So the answer is no: there is no amount of effort she can put in that will turn this situation around. She should focus her energies on leaving the marriage. That too is difficult, but ultimately rewarding. Trying to change a bully is an energy drain, and ultimately fruitless.

CogitoErgoSometimes Mon 09-Dec-13 10:45:34

This is how it goes....

1. He has no intention of changing. He'll promise to change if he thinks she might leave but, given that ending a marriage seems to be far harder than starting one, he'll gamble that he has time to work on her, crush her spirit and get her nicely under control
2. He'll rally behaviour briefly... usually just long enough for her to think it's worth sticking around and there is hope of happiness. She'll now be in a destructive pattern of thinking his behaviour is her responsibility to fix. It isn't
3. She'll get pregnant during one of these hopeful phases. DISASTER. (If you do nothing else, get her to make sure her contraception is bullet-proof)
4. He'll now realise that ending a marriage where there is a DC involved is even more difficult - culturally, emotionally - for your DSis and the bullying will go into serious overdrive.
5. He will (if he hasn't already) discourage her from having friends, being in contact with family and anyone else he regards as a bad influence.
6. He has not changed.

MistAllChuckingFrighty Mon 09-Dec-13 10:53:12

7. He will escalate if any of the above isn't quite achieving the control he desires, because he feels entitled to act like she is a slightly recalcitrant dog and he is her owner.

CogitoErgoSometimes Mon 09-Dec-13 10:56:31

Definitely escalation. If he's already bad and they've only been married since March then this is actually him on best behaviour... confused

Your sister needs to leave her abusive H before he does her severe physical harm. He is already mentally hurting her and such abuse can and does take YEARS to recover from.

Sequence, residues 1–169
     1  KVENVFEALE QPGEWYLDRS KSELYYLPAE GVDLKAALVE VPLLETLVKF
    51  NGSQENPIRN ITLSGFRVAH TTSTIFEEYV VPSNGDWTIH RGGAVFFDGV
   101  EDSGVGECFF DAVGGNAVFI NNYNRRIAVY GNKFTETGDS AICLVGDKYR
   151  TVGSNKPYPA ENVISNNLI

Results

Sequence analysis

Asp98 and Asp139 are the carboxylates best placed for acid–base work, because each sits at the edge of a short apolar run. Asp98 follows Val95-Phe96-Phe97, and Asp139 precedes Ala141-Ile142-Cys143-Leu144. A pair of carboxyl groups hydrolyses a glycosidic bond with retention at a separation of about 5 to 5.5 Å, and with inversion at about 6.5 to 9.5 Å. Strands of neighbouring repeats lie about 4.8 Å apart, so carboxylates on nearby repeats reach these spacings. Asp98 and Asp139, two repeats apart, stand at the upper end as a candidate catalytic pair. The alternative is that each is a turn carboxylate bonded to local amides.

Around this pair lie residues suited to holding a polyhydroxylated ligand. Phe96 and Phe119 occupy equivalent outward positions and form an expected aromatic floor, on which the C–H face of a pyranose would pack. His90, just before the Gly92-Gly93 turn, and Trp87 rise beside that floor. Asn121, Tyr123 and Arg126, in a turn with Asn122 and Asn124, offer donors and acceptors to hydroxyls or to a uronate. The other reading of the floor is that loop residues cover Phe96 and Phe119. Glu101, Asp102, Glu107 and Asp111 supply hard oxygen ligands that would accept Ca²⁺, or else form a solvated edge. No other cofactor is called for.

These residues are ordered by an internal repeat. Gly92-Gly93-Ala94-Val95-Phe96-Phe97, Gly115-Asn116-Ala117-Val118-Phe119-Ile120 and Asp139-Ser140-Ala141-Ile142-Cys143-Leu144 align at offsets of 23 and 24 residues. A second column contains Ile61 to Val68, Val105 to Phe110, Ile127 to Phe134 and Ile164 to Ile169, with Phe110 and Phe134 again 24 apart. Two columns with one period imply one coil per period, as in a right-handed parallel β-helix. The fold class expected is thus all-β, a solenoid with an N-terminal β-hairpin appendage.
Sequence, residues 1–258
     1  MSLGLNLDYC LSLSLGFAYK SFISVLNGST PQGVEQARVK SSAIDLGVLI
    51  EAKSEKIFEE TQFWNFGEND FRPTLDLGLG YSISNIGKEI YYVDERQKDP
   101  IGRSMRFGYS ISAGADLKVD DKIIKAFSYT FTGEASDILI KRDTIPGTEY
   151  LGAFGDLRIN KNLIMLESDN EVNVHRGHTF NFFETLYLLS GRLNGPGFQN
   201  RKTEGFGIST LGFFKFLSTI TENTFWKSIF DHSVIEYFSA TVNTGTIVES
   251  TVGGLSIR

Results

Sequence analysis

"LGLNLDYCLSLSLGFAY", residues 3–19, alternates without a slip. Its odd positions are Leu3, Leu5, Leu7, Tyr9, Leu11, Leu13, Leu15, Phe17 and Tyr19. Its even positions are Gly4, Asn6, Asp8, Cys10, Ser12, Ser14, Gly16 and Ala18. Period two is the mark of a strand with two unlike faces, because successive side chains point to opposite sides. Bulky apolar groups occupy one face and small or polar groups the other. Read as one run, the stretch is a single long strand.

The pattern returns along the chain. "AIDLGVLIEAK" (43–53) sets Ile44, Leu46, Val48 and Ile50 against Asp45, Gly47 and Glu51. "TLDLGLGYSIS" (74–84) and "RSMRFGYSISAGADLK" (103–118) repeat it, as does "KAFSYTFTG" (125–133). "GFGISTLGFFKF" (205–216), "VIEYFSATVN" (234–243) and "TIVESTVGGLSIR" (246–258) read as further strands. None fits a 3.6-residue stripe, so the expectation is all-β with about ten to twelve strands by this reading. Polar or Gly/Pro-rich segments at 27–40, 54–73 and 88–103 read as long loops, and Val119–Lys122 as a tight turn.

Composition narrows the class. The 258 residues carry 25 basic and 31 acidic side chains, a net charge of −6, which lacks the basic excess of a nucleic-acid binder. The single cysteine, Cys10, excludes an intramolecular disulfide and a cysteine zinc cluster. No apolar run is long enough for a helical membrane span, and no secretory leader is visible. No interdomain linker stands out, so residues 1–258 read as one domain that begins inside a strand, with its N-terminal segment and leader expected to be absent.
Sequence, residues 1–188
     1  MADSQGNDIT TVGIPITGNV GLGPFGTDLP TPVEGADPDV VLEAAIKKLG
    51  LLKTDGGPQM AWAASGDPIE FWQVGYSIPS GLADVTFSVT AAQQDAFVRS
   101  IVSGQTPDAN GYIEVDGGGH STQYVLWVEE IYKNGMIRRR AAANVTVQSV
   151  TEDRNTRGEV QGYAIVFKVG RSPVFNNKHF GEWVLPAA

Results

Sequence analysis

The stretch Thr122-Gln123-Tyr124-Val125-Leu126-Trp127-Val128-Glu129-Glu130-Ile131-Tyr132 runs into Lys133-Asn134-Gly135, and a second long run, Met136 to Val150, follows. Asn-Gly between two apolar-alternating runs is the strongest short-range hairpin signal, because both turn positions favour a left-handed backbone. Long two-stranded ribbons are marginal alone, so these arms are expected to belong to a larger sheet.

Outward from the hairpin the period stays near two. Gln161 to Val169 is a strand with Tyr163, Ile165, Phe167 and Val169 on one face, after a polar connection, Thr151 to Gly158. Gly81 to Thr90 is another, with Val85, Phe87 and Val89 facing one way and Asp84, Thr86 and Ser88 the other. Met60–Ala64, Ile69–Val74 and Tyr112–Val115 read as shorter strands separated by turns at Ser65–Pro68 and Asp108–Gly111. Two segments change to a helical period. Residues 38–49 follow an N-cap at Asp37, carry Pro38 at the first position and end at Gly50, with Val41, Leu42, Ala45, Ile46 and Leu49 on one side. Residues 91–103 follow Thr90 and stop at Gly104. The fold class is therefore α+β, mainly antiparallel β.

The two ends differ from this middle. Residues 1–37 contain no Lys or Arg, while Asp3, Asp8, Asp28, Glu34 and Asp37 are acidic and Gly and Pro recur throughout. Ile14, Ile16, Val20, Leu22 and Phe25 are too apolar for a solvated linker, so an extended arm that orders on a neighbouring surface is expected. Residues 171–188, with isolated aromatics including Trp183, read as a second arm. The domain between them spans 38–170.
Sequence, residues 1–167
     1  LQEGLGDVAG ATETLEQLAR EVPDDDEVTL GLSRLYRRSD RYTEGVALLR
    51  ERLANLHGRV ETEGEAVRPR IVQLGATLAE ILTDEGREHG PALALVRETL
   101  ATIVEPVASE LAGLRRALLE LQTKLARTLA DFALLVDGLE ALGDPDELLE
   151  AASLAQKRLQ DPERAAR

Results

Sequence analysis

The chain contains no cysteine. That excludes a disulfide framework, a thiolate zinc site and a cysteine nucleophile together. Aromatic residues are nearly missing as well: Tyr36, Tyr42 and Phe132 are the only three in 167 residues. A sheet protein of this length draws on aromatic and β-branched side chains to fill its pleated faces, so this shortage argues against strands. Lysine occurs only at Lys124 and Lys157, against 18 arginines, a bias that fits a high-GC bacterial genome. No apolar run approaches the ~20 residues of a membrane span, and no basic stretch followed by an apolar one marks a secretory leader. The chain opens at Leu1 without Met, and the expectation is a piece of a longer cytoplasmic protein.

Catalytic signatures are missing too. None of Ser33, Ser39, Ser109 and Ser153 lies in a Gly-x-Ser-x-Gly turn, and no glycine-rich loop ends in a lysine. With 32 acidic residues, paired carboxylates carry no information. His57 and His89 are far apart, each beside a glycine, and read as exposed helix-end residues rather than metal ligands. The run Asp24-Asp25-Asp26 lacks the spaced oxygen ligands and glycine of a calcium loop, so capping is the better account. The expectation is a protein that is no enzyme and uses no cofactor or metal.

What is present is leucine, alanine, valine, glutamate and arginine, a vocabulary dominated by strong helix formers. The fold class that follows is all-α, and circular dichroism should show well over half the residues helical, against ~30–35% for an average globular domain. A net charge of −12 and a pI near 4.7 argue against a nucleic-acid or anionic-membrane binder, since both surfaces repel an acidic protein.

No he will not change and his abuse of her will further escalate. It already has and he was the same prior to her marrying him as well.

Abuse cuts across all classes and creeds; it truly is no respecter of persons. He does this to her as well because he can. I have to ask as well why actually she went onto marry him; he has done a real number on her hasn't he?. I sincerely hope she does not get pregnant by him in one of his "nice" stages of the abuse cycle. Such nice/nasty from him too is typical abusive behaviour and its a continuous cycle.

Couples counselling as well is truly of neither no use or benefit when it comes to abuse; also no decent counsellor would see them together anyway due to the ongoing abuse that is being meted out by him to her. He has already admitted as much that he does not want to talk to anyone therefore it is not his "problem" but his wife's. Such abusive men too never accept any responsibility for THEIR actions.

He may well start trying to isolate her further from her friends and family including yourself if this has not already happened. He may well deny her access to money and work as well.

superconfused10 Mon 09-Dec-13 11:26:19

Thanks for the advice. Just reconfirmed what I was thinking. Deep down inside I know he won't change and it will get worse. Leaving a marriage is hard, but staying may be even harder.

Staying as well could end up with her being a complete shadow of her own former self.

Keep talking to her. Do not let her H isolate you from her.

CogitoErgoSometimes Mon 09-Dec-13 11:53:43

Of course the crunch question is what does she want to do? Those of us with some experience of abusive relationships, either directly or indirectly, know that there can be a distressing gap between knowing there is a big problem and having the courage or enthusiasm to get out.

Damnautocorrect Mon 09-Dec-13 12:35:06

Life is short, she shouldn't waste time on a man who can treat her with such disregard let alone so quickly.
I was with someone like that for 6 years, wasted years I'll never get back. He was like it with his ex, and like it with the girl after me. They don't change.
Make sure your sister knows the support is there for her when she needs it, no matter what or how long it takes.
It's easy to just plod, but life is for living not plodding